According to a press release from the Mission, the report “provides a detailed analysis of the role played by people at different levels of the chains of command of the General Directorate of Military Counterintelligence (DGCIM) and the Bolivarian National Intelligence Service (SEBIN), in the execution of a plan orchestrated by President Nicolás Maduro and other high-level authorities to repress opposition to the Government.”

The Mission claims to have documented 122 cases of victims who were subjected to torture, sexual violence or other cruel, inhuman or degrading treatment perpetrated by DGCIM agents. The torture was carried out at its “Boleíta” headquarters in Caracas, and in a network of covert detention centers throughout the country.

SEBIN also reportedly tortured or ill-treated detainees, including opposition politicians, journalists, protesters, and human rights defenders, mainly in the “El Helicoide” detention center in Caracas.

The Mission investigated 51 cases that occurred since 2014. The report details how the orders were given by the highest-level authorities to lower-ranking officials.

And it adds that the violations and crimes of the SEBIN and the DGCIM continue to this day, since the same structures, patterns and practices are maintained in “a climate of almost total impunity.”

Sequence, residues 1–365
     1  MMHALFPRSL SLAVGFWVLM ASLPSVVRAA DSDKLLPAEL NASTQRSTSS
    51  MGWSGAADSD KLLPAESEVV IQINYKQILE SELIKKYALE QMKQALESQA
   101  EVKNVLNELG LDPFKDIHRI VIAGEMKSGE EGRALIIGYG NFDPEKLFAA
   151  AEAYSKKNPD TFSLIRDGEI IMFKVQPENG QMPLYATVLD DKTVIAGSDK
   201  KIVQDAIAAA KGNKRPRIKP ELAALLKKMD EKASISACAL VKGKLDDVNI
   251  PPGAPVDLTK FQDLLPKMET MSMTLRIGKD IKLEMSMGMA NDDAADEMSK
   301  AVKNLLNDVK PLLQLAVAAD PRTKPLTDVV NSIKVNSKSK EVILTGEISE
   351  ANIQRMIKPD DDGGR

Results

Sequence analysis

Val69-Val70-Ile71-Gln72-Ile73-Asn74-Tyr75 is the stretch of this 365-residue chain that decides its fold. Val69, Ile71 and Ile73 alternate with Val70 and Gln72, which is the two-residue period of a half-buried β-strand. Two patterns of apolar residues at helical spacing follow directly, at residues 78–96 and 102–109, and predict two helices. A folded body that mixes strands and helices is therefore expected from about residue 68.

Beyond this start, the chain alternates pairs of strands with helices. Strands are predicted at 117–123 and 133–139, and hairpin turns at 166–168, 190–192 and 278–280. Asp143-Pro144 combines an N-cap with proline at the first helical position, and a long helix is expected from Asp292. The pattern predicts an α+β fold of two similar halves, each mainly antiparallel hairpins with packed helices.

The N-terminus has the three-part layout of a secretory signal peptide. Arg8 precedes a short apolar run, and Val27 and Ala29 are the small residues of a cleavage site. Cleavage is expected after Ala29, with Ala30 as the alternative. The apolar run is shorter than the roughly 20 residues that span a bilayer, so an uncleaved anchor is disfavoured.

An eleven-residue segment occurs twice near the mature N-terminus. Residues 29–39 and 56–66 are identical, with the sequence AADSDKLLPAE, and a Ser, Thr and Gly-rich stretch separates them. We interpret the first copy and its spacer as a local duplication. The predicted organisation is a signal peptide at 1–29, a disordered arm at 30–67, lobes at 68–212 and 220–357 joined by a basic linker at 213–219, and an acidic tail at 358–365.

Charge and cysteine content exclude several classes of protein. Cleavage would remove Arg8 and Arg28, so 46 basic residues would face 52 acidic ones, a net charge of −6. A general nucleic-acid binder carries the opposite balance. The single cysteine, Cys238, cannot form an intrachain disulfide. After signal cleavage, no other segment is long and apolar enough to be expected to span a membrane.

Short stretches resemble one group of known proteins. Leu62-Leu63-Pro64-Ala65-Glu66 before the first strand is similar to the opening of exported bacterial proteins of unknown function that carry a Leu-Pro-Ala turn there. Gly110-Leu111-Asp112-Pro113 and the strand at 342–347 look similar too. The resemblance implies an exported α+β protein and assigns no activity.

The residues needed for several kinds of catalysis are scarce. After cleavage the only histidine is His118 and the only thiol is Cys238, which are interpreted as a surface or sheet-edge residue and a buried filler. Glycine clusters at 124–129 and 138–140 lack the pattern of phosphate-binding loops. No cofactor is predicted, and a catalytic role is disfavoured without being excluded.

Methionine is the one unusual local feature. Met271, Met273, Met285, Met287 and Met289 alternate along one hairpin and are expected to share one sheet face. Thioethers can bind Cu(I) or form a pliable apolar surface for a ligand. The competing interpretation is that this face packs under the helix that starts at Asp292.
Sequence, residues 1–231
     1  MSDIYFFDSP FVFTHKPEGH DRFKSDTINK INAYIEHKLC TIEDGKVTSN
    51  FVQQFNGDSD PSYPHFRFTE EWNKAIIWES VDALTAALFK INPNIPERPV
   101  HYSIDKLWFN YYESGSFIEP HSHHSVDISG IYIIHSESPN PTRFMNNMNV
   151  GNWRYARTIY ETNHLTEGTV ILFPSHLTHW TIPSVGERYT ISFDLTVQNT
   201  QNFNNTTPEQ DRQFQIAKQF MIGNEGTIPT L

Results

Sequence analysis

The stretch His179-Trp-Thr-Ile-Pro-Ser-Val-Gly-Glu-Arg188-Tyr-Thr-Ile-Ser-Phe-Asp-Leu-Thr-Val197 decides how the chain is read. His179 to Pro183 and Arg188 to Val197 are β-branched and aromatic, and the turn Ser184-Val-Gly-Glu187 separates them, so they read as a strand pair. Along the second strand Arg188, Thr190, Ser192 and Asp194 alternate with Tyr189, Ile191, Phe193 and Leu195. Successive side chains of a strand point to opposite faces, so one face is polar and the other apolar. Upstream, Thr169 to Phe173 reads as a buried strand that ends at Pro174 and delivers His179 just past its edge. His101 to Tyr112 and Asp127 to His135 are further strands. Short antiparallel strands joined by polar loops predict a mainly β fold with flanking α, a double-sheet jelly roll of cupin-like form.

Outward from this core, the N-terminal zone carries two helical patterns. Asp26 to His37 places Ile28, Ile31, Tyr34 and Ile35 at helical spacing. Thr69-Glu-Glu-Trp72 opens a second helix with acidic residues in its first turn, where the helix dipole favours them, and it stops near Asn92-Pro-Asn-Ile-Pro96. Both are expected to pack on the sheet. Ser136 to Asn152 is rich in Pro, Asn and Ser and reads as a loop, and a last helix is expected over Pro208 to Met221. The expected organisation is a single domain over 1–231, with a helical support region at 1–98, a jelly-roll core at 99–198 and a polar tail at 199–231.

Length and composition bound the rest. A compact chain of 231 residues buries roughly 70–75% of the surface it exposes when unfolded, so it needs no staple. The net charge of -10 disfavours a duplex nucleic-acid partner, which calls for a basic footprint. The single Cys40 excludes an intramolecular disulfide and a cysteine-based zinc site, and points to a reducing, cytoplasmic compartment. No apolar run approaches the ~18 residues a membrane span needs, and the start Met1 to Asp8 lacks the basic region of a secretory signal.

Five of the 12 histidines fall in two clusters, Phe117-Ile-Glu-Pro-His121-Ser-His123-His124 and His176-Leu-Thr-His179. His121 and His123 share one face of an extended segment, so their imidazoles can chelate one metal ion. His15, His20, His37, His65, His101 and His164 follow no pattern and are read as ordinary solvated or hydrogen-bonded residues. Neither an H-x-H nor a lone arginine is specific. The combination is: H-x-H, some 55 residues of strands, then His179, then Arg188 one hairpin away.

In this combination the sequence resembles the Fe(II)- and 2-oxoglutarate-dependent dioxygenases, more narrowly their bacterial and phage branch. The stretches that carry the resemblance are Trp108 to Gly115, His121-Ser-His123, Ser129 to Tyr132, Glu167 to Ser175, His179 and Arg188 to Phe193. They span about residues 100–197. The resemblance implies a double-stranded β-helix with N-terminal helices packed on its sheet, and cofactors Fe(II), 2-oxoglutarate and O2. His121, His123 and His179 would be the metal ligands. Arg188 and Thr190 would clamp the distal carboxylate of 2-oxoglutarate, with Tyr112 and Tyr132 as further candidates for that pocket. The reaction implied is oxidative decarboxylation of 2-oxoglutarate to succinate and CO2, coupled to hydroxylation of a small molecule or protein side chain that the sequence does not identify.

However, Diego Casas of the Latin American Faculty of Social Sciences (Flacso) considers that “the ambassador’s tweet is not an isolated event, nor a simple comment, but quite the opposite. It is a message that is inserted in two bets that the Government of President Petro has been raised: the first thing is the recovery of relations with Venezuela. And that happens, among other things, by returning the company to the Government of Nicolás Maduro. The second is that in the commitment to Food Sovereignty that has been proposed Petro, Monómeros plays a large role, as it is one of the main suppliers of fertilizers (37%), and this company was affected by the various maneuvers that occurred in the previous period.”

“In that order of ideas, Monómeros is a strategic issue for the future of Colombia, and it is to be expected that there will be more tweets alluding to the subject,” says the political scientist Casas.

The trill, which must be reiterated, is only one, however it marks a contrast to the silence of the ambassador in the face of the claims of Colombian authorities regarding the presence of criminals from Venezuela in Colombia, such as those denounced by the mayor of Bogotá Claudia López.

And also with the presence of the number one of the FARC dissidents, Iván Márquez, who, according to intelligence agencies, is recovering in Caracas from an attack protected by the Venezuelan government.

About this fact, Gustavo Gómez, director of Caracol Radio, wrote in a column in the Spanish newspaper El País:

“Where, we ask ourselves, is Ambassador Armando Benedetti? In Venezuela or in Monaco? He is not known to have a strong position on Venezuelan crime in Colombia or on Colombian guerrillas and criminals sheltering comfortably in Venezuela. Nothing. He barely insists , with an already frankly suspicious obsession, in that we buy gas from Maduro”.